Joe pulled up. It was a sad sight. There were the two horses straining and struggling with all their might to drag the cart out, but they could not move it; the sweat streamed from their legs and flanks, their sides heaved, and every muscle was strained, while the man,
fiercely pulling at the head of the fore horse, swore and lashed most brutally.
"Hold hard," said Joe; "don't go on flogging the horses like that; the wheels are so stuck that they cannot move the cart."
The man took no heed, but went on lashing.
"Stop! pray stop!" said Joe. "I'll help you to lighten the cart; they can't move it now."
"Mind your own business, you impudent young rascal, and I'll mind mine!"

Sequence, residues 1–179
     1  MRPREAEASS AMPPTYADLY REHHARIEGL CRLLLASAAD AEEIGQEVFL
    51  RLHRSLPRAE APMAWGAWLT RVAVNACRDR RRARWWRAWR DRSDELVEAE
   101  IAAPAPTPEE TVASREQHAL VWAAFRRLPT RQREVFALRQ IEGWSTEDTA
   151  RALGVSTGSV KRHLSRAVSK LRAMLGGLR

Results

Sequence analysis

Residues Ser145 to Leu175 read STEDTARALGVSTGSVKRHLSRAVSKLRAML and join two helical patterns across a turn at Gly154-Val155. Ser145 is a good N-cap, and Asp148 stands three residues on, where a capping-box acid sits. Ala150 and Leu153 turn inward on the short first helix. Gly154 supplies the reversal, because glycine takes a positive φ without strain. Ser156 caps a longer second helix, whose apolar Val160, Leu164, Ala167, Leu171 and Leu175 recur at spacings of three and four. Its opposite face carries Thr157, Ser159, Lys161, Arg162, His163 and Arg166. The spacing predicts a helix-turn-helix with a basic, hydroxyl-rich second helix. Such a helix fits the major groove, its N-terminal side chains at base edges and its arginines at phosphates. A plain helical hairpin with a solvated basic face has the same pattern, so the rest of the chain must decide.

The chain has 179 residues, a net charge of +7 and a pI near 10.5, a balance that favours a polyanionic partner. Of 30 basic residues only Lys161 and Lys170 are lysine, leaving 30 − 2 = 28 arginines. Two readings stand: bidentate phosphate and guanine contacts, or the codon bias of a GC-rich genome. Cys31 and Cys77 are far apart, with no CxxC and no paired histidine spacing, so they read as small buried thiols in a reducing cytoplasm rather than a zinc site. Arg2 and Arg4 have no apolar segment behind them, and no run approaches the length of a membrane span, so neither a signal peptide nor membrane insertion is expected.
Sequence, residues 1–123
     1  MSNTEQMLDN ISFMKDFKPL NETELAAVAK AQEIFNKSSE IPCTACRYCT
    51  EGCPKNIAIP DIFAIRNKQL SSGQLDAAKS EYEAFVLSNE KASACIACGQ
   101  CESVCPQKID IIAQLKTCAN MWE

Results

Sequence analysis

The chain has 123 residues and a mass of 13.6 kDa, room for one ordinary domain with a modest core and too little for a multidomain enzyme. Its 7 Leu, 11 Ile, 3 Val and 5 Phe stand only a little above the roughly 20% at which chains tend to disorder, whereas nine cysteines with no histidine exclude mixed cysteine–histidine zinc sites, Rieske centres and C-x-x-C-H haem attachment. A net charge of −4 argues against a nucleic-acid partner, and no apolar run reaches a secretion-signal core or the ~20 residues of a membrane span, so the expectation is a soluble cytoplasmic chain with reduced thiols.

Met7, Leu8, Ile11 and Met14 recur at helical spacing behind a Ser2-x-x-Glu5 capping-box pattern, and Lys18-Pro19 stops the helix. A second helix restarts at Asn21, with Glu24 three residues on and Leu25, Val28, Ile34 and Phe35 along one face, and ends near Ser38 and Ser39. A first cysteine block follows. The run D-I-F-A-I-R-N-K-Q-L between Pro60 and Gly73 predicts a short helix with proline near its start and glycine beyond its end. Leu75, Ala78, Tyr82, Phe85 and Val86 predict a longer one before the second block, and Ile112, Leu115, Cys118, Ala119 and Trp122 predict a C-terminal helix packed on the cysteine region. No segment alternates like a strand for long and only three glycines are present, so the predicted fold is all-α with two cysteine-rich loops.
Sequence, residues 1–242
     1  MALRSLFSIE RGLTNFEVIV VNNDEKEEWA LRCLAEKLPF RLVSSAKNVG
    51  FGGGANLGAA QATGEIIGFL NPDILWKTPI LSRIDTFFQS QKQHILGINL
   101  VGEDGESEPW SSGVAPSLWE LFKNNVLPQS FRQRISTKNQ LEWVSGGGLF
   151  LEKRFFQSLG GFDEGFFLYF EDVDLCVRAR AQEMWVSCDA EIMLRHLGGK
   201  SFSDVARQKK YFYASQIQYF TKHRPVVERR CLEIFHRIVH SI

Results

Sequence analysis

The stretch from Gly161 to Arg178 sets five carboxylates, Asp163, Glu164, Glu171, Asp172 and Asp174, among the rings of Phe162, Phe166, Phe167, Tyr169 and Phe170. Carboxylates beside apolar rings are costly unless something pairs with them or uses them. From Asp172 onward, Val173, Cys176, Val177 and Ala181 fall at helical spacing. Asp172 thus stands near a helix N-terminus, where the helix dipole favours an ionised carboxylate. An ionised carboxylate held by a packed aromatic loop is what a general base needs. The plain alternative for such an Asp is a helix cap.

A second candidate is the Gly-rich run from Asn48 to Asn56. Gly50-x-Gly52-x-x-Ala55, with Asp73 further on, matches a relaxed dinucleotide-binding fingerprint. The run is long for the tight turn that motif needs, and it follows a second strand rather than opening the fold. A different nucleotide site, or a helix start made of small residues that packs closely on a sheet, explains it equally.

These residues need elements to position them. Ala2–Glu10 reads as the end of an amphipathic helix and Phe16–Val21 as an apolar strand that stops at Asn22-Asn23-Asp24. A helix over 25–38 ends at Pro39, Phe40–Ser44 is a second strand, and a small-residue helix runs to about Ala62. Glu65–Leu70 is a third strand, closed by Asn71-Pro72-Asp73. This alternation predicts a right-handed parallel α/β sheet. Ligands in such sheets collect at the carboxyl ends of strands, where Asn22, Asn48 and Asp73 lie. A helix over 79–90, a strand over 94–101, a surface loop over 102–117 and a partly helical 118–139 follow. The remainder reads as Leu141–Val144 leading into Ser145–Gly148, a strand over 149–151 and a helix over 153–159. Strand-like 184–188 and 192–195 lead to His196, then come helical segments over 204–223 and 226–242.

The man was in a towering passion and the worse for drink, and laid on the whip again. Joe turned my head, and the next moment we were going at a round gallop toward the house of the master brick-maker. I cannot say if John would have approved of our pace, but Joe and I
were both of one mind, and so angry that we could not have gone slower.
The house stood close by the roadside. Joe knocked at the door, and shouted, "Halloo! Is Mr. Clay at home?" The door was opened, and Mr. Clay himself came out.
"Halloo, young man! You seem in a hurry; any orders from the squire this morning?"
"No, Mr. Clay, but there's a fellow in your brick-yard flogging two horses to death. I told him to stop, and he wouldn't; I said I'd help him to lighten the cart, and he wouldn't; so I have come to tell you. Pray, sir, go." Joe's voice shook with excitement.
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